Hang Gliding at Jockeys Ridge State Park, courtesy Outer Banks CVB
Unspoiled coastal communities throughout this country offer spectacular experiences, from sunset kayak cruises to more simple pleasures.
“The first time I ever saw the Milky Way was on the Outer Banks, thanks to the lack of light pollution,” said Aaron Tuell, manager of public relations for the Outer Banks Visitors Bureau. “I was in awe.”
In these places, nature is typically the star of the show, and bank groups are treated to some of the world’s best bird-watching, close-up visits with sea lions and protected areas where alligators and wild ponies roam free.
Whether one chooses to ride a sand buggy amidst colossal dunes or ride on horseback over a sandy beach, the sights, smells and sounds of the water and the surrounding terrain are enough to swell any heart.
Like Tuell, you’ll be in awe.
The Outer Banks is home to the largest remaining track of beach wilderness on the Eastern Seaboard, and all is easily reached by motorcoach, according to Tuell.
“Eighty percent of our Outer Banks is undeveloped and is dedicated to preservation, recreation and wildlife.”
Three national parks in the area offer stunning beauty and an abundance of history and wildlife.
“The Fort Raleigh National Historic Site is the 1584 site of the first English colony, 20 years before Jamestown,” Tuell said. “The artifacts are intriguing, considering these first colonists disappeared from the face of the earth 400 years ago.
“The Wright Brothers National Memorial pays tribute to the very place where Wilbur and Orville Wright built their airplane that was the first to take flight over the Kill Devil Hills sand dunes in 1903,” added Tuell.
The Cape Hatteras National Seashore is home to Pea Island National Wildlife Refuge. Tuell suggested a guided bird walk on this 6,000-acre refuge.
Tuell also suggested trying a new experience while in the Outer Banks, like hang gliding on the face of the sand dunes in Jockey’s Ridge State Park, horseback riding in the maritime forest of Buxton Woods or learning to surf on the most consistent waves on the East Coast.
The coastal resort town of Ocean City offers a three-mile-long boardwalk where visitors shop, eat and enjoy an amusement area that is home to a 100-year-old carousel. But nature abounds in this quintessential East Coast beach town.
“Northside Park is our largest park facility where groups enjoy fishing, bird-watching, walking and having picnics,” said Jessica Waters, communications manager for Ocean City. “The views from their piers offer the best sunsets.”
Nearby is Worcester County, where 350 species of birds, both resident and migratory, have been recorded. This northernmost breeding area for several southern birds offers exceptional opportunities: Visitors might see a brown pelican or a Swainson’s warbler, both of which have been found breeding in the area. From the rock jetties of the Ocean City inlet, winter sightings might include the purple sandpiper and the great cormorant.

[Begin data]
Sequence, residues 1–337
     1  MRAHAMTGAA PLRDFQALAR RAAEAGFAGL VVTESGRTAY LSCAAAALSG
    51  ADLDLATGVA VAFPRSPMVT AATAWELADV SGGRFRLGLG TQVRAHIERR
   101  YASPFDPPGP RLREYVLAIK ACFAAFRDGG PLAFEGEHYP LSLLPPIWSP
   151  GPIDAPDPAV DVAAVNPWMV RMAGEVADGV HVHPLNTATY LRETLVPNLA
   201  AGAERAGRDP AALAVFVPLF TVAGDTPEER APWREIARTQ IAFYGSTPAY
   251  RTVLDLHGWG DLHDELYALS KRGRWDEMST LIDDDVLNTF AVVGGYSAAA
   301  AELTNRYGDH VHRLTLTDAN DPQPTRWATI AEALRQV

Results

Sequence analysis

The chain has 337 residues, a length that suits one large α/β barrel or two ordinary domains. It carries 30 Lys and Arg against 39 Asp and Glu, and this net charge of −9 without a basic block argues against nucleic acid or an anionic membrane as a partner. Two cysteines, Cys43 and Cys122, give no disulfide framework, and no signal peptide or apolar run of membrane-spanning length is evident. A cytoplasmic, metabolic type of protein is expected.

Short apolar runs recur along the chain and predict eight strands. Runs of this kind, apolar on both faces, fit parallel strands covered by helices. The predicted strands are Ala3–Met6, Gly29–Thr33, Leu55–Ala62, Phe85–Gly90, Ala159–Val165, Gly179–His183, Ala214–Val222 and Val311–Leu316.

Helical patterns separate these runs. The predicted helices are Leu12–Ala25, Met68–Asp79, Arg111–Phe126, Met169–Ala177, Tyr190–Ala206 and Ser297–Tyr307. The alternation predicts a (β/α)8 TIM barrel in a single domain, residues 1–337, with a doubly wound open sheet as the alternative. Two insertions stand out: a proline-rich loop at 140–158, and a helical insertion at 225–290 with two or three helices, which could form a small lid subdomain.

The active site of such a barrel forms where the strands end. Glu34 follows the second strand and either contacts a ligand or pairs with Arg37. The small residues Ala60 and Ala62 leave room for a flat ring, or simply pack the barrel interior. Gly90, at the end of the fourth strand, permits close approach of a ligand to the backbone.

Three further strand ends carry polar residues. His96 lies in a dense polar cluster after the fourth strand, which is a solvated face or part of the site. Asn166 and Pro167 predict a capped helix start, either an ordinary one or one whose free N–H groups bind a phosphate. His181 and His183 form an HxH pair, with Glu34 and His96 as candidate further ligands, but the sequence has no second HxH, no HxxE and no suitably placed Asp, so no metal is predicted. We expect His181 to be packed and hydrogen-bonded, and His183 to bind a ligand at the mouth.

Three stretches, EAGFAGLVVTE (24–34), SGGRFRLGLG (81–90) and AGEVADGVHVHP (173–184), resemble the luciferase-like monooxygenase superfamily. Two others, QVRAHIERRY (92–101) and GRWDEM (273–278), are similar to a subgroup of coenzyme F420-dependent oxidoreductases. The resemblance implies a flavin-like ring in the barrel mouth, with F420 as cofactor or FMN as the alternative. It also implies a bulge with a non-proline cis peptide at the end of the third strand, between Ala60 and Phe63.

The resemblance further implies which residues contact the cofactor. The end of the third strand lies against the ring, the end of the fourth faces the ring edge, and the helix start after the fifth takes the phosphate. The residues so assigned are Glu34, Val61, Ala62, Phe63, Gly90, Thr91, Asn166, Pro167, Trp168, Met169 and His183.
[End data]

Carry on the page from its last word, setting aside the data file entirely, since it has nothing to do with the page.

And for wildlife lovers, no trip to the area is complete without some time at Assateague Island.
“The island is home to the famous wild ponies, as well as hundreds of birds,” said Waters.
The Barrier Island Visitor Center at the Assateague Island National Seashore features a nature film and aquarium.
[Section: Outdoor adventure in Oregon]
By Natalie Inouye, courtesy Travel Lane County
Eugene and the Oregon Coast
From hiking to spectacular waterfalls to biking through wine country, outdoor adventure is the headline on most tourism brochures luring visitors to Eugene and the surrounding Oregon Coast.
“Don’t be timid about the kayak tours,” said Molly Blancett, public relations and social media manager for the Eugene, Cascades and Coast Convention and Visitors Bureau. “The waters on the Siuslaw River — it feeds into the Pacific Ocean — are calm. The wildlife is spectacular.”
Blancett stated that dune buggy rides at the Oregon Dunes National Recreation Area are for all ages.
“Sometimes you are 500 feet high. You feel like you’re in a different country,” she said.
Expect to be wowed inside the Sea Lion Caves, nature’s home for wild sea lions and seabirds.
“You first travel 12 stories down through solid rock and are welcomed by the roar of the sea lions,” said Blancett.
There are opportunities to bike through this area’s famous wine country and enjoy horseback rides over sandy and wooded coastal trails during sunset. And don’t miss a visit to Heceta Head Lighthouse, recently opened to the public.
“This circa 1894 lighthouse beams 21 miles out to sea,” said Blancett. “A tour with a wildlife expert is perhaps the best way to experience one of the most photographed lighthouses in the country.”
Bank groups will discover why Forrest Gump loved the sea at Dauphin Island, the area where this classic movie was filmed.
“We are the birdiest island on the Gulf Coast, and we have the freshest of fresh seafood and wildlife galore,” said Tricia Kerr, president of the Dauphin Island Chamber of Commerce. “We are also known as the sunset capital of the Gulf Coast — no wonder Forrest never wanted to leave.”
Home to seven miles of beaches, the Audubon Bird Sanctuary, the Alabama Coastal Birding Trail and the Dauphin Island Sea Lab and Estuarium, Dauphin Island has several venues that specialize in nature.
“In the spring and the fall, this is the last land mass birds hit on their fall and spring migrations,” said Kerr.
The Dauphin Island Sea Lab features a Living Marsh Boardwalk, interactive exhibits and the Estuarium, where groups experience the world underwater.
Kerr suggested groups enjoy an ecotour aboard the Duke, a water vessel that showcases the island’s lighthouse and more.
“While bank groups are usually familiar with our gorgeous Bellingrath Gardens, their river cruises on the Fowl River promise to offer the sounds and sights of osprey, pelicans, blue herons and egrets.”